In an era when the television could be retired completely, for all I care, and when Nature provides some of the most joyful and entertaining moments of my experience, the various bird feeders placed within view of the window where I paint~write~relax have to be the most cost-effective and “perpetually giving” accoutrements of my world. In terms of endless “turn out” to the banquet table of my garden, this has to have been a bumper year because its been all-go and I’ve lost count of how many times I’ve had to refill the various food containers that range from those hanging off the “feeding station” to the perspex feeder box stuck to the window where I work. One of the most entertaining floor shows of the year has been the daily determination of our rotund pair of collared doves to get inside said perspex box, even though its hardly big enough to hold them (and no idea how the window suckers stay attached given their weight) yet they have – with a few mishaps aside – perfected a humming-bird type hover that gets them wedged into the door with just enough room to reach the food and then reverse out again once replete!
With one generation of blue tits already fledged from our bird house, we are already onto the second one of the year as the first blew down in a gale and was replaced with a smart blue “beach hut” that is already being eyed up by feathered couples with more nesting in mind.
The piece de resistance is what we re refer to as “the jacuzzi nest” by virtue of the fact that last year’s blackbirds built it in the (thankfully) seldom switched on lion’s head wall fountain behind our wisteria. The dense leaves of this verdant tree provided a sort of modesty screen for the brooding blackbird as the male cut through the endless sea of July butterflies to feed first his “wife” and then the ever more noisy chicks…and we have already seen this year’s bird checking out the nest with a view to its reuse (making me wonder if this is perhaps one of last year’s brood come back to his nostalgic old nursery).
As the light began to fade on Wednesday evening, I realised there was a new addition to our garden – a coal tit in our window box. The very prompt I needed to refill all the bird feeders, which were looking sadly depleted, I wove my way through decorative thistles in the near-dark, with a few “ouches” given bare legs and sandals, to top them all up…but it was worth it for what the morning brought.
The watchful coal tit obviously clocked this because, the following morning, he brought the entire family back with him in a bus load. Both parents and an uncountable number of fledged coal tits took up position on the fence, in the feeder, on the ground, in the pear tree and, generally, all over the place as the parents set to gathering food and stuffing it into their ever open and extremely noisy little mouths.
The same thing occurred the following morning – at more-or-less exactly the same time – so that by this morning I was able to predict when it would all happen again (10 o’ clock) – and it did, providing a morning floor show that lasts about an hour and is then repeated several times throughout the day.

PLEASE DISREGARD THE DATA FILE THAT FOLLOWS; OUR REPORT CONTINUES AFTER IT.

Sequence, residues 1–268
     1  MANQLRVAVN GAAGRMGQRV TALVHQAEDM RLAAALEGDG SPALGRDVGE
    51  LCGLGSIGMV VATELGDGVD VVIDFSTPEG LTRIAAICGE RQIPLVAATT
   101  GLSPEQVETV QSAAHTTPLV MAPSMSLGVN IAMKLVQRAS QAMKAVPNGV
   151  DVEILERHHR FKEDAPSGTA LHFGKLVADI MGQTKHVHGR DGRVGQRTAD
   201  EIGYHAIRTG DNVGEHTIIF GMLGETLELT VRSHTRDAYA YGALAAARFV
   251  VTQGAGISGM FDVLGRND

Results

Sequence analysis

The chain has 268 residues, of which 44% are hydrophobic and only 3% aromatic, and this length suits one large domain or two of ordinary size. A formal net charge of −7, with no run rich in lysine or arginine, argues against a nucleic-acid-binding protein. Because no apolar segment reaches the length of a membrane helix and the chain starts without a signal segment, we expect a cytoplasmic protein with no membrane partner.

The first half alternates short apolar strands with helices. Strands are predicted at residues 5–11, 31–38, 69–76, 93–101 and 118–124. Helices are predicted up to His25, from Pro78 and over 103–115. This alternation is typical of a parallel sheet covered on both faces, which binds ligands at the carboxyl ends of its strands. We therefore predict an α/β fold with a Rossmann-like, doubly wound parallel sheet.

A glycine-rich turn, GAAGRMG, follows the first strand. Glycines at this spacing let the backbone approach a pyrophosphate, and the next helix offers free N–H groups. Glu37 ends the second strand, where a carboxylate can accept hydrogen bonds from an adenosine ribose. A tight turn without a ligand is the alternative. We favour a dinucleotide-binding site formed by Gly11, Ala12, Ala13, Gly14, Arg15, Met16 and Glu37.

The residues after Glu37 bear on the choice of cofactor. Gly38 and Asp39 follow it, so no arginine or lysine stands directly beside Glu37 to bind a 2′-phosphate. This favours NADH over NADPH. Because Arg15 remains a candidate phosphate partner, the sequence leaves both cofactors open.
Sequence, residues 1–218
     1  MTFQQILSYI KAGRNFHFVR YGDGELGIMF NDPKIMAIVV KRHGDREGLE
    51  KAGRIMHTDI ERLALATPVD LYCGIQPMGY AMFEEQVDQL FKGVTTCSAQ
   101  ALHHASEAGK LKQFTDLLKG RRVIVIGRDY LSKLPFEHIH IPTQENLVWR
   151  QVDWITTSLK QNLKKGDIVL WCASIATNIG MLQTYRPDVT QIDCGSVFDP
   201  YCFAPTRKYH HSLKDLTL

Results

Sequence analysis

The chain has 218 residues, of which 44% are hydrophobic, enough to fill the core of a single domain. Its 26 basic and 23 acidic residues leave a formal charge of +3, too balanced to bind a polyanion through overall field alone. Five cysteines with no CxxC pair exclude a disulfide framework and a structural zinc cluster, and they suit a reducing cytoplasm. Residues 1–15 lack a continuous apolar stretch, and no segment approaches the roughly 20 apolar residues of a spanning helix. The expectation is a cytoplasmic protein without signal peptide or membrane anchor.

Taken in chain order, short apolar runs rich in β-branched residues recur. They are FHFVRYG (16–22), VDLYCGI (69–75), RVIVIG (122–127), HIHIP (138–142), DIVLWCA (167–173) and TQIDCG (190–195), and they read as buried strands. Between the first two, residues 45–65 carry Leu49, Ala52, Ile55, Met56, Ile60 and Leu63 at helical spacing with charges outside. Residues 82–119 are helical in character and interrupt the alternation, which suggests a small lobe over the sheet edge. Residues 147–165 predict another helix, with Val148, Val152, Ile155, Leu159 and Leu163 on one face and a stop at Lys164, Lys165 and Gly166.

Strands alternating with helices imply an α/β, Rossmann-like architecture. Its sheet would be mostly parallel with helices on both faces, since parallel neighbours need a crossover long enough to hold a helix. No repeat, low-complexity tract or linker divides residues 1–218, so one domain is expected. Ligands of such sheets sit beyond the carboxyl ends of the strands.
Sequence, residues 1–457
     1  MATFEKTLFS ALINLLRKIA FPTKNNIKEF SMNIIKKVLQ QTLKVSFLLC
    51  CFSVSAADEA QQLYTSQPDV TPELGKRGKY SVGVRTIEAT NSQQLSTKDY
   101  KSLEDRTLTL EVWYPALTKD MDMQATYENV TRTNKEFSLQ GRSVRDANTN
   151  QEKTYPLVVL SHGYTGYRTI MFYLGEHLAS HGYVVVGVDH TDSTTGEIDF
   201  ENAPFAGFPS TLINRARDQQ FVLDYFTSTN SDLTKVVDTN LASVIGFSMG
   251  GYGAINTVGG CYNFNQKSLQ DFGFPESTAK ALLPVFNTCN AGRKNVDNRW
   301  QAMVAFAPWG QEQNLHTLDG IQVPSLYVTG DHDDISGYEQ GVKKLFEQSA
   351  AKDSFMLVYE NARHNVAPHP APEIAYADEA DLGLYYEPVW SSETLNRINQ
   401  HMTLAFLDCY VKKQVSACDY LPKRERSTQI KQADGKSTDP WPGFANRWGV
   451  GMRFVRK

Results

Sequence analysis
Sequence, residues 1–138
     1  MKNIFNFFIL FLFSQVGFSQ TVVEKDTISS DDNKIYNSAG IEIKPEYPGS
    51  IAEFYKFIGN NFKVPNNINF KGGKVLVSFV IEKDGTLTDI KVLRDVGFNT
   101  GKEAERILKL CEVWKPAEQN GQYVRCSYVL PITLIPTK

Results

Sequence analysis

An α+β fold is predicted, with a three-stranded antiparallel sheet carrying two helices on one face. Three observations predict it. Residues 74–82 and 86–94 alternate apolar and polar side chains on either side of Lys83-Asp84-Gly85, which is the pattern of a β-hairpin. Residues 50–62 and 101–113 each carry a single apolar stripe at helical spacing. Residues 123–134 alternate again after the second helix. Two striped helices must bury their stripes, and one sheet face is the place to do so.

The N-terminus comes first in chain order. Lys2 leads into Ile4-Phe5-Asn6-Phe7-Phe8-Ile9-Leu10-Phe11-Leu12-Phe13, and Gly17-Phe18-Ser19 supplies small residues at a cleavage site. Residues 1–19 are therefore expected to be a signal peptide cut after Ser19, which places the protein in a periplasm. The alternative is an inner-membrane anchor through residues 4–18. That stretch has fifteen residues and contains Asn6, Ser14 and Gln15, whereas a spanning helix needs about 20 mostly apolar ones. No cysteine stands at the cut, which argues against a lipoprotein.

Last year, watching the same rituals play out, I noticed there were particular times of day for particular types of birds and that they seemed to all know their time-slot. What really struck me this week – as I was watching this daily hullabaloo with camera poised – was the new degree of tolerance that seems to exist amongst all the various birds in our garden – everyone from the blue tits, coal tits, black birds, thrushes and sparrows, then the big boys made up of the collared doves, magpies and jackdaws, seems to muddle together side-by-side at the feeder; the only exception being the starlings, for whom all the other birds seem to make way until they are gone again.
That other time of day that it just wouldn’t be the same without the birds that share my living space is, of course, dawn. Never more ethereal, stirring and intense than at this time of the year, the dawn chorus often has me awake in the months between April and June; my body seeming to anticipate it by waking, maybe, ten minutes before the very first sound carries on the stillness as though to ensure that I fully appreciate the break in the silence that this first note signifies. Whoever or whatever that first bird is, he or she seems to know their part and so do the other birds – their solo given ample pause before the chorus joins in and builds to magical crescendo.
The other morning, I had cause to go downstairs in the middle of this performance and passed by the sitting room to find Rudi wide awake in his bed quite obviously listening to the megaphone amplification of bird song that was coming down our chimney and out of the fireplace. It struck me how he must enjoy this amplified performance coming out of his own personal “speaker” most mornings, our chimney-pot perched blackbird’s song so loud and clear that it sounded as though he was in the room with us whilst the whole of the house seemed to reverberate with the bird chorus that encircled it. Stood appreciating the ethereal glow of the white blossom on our neighbour’s tree against the half-light, I was frozen transfixed on the spot until the chorus subsided and went back to my bed with my heart close to bursting with an experience that ‘chance’ circumstance seemed to have shaken me awake with the sole purpose of sharing with me.